More often then not these things, such as said magnificent multi-line Jita Phallas, are not aimed at the females in the game. The guys are so used to their not being girls that they are not aiming their photographic communication at women but at the other guys. I’m not chased out of the game because there are guys. I don’t need someone to put asterisk and hearts on my screen in place of ASCII penises so that I can maneuver my delicate femininity through Eve. These things are not being placed to chase away women. They are being posted because that is, historically, a thing that guys do when they are doing their guy things with each other. There is more flirting and sexual innuendo and insults among the males in the groups that I see then have ever been between the men towards women in those groups. In fact, they will stop and apologize to me if they feel their behavior is a bit rough with each other in case I was offended at them sparing with each other.

That is what I notice. The fact that when they check themselves. They are not trying to chase me out of the game. The ones that are would do it regardless for whatever reason. Sure, it might offend some people. But something will always offend someone. One could say that all actions should be taken with the attempt not to offend anyone but that reaches a level of ridiculous at a certain point. Someone is going to be offended by everything I have written up until this point and perhaps past it. They may even passionately disagree with everything that I say regardless of the fact that what I say here is my opinion. That's the side effect of people communicating with each other. But even that is people communicating with people who have differentiating opinions. People. Not genders. People.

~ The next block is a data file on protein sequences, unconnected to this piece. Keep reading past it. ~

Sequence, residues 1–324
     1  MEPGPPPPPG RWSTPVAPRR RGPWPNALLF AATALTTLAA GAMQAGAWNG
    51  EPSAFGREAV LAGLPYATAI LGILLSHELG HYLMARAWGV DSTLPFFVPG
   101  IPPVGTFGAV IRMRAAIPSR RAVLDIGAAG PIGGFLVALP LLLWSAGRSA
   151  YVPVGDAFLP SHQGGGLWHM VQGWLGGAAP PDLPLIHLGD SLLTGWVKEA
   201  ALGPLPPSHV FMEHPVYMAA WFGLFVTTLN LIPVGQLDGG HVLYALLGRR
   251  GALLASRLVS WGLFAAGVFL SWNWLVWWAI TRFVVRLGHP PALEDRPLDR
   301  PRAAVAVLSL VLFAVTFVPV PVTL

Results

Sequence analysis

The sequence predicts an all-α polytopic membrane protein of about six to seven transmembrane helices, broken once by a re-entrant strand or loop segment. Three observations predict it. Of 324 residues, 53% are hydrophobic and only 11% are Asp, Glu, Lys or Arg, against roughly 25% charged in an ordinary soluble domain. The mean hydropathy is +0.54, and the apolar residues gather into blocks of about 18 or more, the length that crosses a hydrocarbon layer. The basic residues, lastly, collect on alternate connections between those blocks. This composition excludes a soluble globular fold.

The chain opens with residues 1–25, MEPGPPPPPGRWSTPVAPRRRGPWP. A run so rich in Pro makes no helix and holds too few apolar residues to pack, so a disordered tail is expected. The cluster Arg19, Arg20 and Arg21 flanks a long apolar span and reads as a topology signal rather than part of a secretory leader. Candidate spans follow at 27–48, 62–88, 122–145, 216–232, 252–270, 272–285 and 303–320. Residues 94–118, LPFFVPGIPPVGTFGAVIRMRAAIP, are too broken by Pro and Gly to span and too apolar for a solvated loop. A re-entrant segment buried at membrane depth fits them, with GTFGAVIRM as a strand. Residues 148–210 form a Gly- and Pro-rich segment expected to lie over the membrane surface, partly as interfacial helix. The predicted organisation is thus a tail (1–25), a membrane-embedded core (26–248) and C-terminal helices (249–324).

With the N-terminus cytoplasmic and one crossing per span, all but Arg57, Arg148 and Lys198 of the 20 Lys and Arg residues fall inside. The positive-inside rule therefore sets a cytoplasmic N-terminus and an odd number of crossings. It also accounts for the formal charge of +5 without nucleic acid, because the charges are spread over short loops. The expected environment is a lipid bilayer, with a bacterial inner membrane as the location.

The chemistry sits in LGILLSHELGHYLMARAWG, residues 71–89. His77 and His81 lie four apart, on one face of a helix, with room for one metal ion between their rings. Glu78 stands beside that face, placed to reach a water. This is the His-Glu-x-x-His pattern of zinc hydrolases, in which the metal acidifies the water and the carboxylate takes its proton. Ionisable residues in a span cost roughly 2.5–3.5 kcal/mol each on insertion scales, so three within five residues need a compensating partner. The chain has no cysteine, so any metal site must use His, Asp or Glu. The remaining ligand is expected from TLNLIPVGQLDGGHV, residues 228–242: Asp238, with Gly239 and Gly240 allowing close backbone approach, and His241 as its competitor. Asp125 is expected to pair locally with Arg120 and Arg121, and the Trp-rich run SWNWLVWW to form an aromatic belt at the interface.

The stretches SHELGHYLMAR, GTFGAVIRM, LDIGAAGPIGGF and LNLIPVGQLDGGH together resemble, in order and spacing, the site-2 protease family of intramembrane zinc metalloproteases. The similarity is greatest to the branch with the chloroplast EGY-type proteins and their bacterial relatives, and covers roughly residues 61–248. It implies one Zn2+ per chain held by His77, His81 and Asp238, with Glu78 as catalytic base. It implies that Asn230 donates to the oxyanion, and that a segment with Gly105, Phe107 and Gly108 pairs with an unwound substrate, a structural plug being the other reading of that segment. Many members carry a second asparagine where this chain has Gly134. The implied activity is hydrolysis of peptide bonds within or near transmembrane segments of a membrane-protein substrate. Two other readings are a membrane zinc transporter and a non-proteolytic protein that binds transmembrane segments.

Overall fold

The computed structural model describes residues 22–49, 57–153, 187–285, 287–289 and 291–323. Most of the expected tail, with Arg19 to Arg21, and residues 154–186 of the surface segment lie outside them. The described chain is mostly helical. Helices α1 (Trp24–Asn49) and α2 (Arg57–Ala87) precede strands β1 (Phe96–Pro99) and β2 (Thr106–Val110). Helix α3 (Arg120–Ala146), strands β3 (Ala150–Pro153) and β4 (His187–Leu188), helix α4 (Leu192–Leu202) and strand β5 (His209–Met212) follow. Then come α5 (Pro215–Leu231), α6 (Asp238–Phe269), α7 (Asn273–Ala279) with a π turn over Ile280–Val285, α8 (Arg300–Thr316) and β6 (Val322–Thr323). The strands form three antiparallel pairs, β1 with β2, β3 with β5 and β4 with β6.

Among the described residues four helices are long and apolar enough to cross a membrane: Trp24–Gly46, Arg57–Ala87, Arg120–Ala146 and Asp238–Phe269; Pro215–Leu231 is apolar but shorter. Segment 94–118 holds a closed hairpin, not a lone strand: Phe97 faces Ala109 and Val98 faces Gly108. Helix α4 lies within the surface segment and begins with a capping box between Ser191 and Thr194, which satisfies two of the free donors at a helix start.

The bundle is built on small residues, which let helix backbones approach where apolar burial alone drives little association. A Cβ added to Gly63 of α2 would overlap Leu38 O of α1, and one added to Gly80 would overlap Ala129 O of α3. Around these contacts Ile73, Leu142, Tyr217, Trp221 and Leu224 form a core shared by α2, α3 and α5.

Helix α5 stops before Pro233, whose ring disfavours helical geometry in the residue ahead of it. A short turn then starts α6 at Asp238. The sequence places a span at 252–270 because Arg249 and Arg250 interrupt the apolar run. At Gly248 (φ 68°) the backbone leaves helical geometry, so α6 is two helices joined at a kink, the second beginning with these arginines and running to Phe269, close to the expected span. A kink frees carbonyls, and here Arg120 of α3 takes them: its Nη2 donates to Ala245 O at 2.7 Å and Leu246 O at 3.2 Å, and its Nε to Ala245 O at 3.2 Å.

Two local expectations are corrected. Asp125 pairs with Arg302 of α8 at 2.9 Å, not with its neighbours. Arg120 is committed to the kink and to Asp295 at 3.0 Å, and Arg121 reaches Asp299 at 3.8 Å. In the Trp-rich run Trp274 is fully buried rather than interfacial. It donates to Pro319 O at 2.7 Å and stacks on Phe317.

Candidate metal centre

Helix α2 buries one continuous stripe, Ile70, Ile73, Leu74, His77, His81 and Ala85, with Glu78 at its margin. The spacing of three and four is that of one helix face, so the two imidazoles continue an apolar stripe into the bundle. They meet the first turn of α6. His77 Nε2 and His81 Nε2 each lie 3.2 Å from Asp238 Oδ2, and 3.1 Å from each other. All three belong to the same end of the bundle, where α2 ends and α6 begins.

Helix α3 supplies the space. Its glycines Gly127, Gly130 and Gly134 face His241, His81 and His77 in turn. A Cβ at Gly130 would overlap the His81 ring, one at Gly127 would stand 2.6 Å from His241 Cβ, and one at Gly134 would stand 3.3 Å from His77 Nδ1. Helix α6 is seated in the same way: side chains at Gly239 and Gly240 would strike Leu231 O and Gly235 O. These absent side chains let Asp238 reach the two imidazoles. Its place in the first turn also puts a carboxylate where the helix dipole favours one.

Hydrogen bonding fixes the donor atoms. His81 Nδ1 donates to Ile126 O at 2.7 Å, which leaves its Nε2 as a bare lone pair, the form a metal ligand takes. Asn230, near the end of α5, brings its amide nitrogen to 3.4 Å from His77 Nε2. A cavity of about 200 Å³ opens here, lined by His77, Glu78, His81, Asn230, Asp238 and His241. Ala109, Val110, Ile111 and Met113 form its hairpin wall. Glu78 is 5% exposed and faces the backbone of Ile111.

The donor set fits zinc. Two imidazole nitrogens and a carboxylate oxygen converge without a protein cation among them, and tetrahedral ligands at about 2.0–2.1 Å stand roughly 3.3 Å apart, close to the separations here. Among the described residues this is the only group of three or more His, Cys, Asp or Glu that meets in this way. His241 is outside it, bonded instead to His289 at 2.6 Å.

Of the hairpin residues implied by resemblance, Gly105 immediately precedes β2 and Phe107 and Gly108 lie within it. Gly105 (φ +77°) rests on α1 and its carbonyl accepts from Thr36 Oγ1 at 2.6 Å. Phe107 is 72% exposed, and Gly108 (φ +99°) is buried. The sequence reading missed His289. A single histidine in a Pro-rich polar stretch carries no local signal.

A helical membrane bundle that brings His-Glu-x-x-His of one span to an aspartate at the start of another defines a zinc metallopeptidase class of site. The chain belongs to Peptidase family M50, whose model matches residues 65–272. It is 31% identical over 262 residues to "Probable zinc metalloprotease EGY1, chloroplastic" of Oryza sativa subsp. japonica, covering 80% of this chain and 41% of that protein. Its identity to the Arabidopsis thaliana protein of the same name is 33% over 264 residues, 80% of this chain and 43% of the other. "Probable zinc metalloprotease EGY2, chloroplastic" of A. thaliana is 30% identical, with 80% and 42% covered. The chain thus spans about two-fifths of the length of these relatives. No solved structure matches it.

Male dominated, in these instances of there being more boys than girls in Eve, is not a bad thing. It doesn't happen because something is wrong and broken. It is a natural filtration of interests. Interests that cross both genders and may strike the common public conscious of one more than the other. It doesn't mean that something is wrong with Eve if it has a larger male population then female. It doesn't mean that Eve is too complex for girls. It means that it is appeals to some groups of people more than others. Maybe that means that some women are interested in games with a higher population of women in the first place and you will not get their attention with a low population of females and no amount of game changes will solve it.

Are we going to see articles that Dust 514 appeals more to people who like first person shooters then people who like world building games next? Or that more boys play Dust then women so something must be wrong with Dust’s game play that it does not have a 15% female population? If World of Darkness only had a 15% male population would the game be considered broken or a success due to its attraction of female gamers?

Some of this may have cropped up with CCP Seagull’s becoming Senior Producer. Her job is to go out and figure out how to expand and keep eve going. I can see how she may look down upon the vast ASCII phallus littering the cluster and wonder what causes the decrease in female players. I took a moment to look into her a bit and found her twitter bio to be an interesting nod to "yes" this focus of women in gaming is a special interest of hers. After all, CCP needs players. Why are there fewer female players. What do girls like that Eve does not have and could have to lure them in?